Although federal and state law has policies to protect employees from discrimination at work, racial discrimination is still a problem in the workplace. In a lot of cases, employees facing racial discrimination from their employers may be afraid to report the matter due to power dynamics.
However, if you experience racial discrimination or harassment from your supervisors or colleagues, race discrimination lawyers can help. At HKM Employment Attorneys, we use years of experience to help employees experiencing discrimination in the workplace seek the justice or compensation they deserve.
What is Race Discrimination?
Racial discrimination refers to treating an employee or applicant differently because they belong to a racial minority group. The Equal Employment Opportunity Commission (EEOC) prohibits any form of discrimination in the workplace based on race, age, sex, sexual orientation, color, national origin, marital status, pregnancy, or disability. It applies to all stages of employment, starting from hiring and promotion to employee benefits and firing.
Racial discrimination does not have to be directed towards you to create a hostile work environment. If you’re married or have a partner who is of a different race, then you can still be subject to discrimination from your employer, colleagues, or clients. You may also face unfair treatment or harassment because you share the characteristic of a certain race, such as hair texture or facial structure.
As most employers strive to prevent workplace discrimination, they may formulate neutral policies and guidelines that apply to everyone. Although this may promote uniformity in the workplace, it may result in racial discrimination if the policy negatively affects people of a certain race and is not necessary for the job.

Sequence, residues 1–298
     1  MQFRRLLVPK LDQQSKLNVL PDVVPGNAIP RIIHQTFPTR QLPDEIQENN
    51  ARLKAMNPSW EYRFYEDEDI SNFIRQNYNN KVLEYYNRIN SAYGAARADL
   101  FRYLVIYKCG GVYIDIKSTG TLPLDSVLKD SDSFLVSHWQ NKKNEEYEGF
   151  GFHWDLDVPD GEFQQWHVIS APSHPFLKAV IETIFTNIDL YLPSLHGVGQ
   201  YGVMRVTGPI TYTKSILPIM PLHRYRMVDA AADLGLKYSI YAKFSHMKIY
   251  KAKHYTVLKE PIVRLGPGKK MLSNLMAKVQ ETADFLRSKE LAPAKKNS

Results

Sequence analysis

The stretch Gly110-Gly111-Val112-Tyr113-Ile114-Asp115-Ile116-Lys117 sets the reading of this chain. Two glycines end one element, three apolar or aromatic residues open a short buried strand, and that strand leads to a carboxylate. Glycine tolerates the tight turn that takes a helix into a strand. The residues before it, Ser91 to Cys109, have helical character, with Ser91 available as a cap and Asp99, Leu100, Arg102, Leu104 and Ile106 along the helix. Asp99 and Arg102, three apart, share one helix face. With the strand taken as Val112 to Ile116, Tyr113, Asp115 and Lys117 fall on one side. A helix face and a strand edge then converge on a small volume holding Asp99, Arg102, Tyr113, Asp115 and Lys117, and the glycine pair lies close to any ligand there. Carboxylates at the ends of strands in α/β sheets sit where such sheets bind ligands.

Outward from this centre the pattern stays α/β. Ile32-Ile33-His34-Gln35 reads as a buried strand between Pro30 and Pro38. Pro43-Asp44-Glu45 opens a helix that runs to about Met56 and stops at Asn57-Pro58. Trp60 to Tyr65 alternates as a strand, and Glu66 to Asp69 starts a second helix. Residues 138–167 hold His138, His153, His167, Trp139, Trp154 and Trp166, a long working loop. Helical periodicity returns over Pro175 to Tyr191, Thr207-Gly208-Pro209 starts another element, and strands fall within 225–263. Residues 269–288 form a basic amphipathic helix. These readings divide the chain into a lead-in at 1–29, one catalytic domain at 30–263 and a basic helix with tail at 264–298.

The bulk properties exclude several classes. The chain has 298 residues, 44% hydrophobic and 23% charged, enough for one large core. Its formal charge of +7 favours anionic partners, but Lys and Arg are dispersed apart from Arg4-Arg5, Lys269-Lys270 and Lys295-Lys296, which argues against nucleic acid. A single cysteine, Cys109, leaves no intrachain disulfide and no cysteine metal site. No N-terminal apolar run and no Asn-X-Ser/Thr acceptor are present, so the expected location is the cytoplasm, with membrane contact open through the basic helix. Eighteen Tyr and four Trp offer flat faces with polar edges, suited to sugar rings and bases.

Examples of Discrimination at Work
Employment discrimination can occur in many forms and can range from race to religious discrimination. To help you understand what constitutes race discrimination in the workplace, we’re provided a few examples:
- Inappropriate jokes or comments about an employee’s race
- Using racial slurs
- Assigning employees belonging to a racial minority different duties based on a stereotype
- Asking about racial identity during job applications for malicious purposes
- Not hiring employees from some races to maintain company image
- Taking unfair disciplinary action and wrongful termination on employees of a certain race.
You should report any employment discrimination to your employer for investigation. You can also file a complaint with the EEOC or Washington State Human Rights Commission (WSHRC). Since EEOC law applies to companies with 15 or more employers, consider WSHRC for small businesses.
What Are Examples of Indirect Discrimination in Terms of Race?
Racial discrimination can either occur directly or indirectly. Direct racial discrimination occurs when an employer or colleague treats an employee differently because of belonging to or associating with a racial minority group.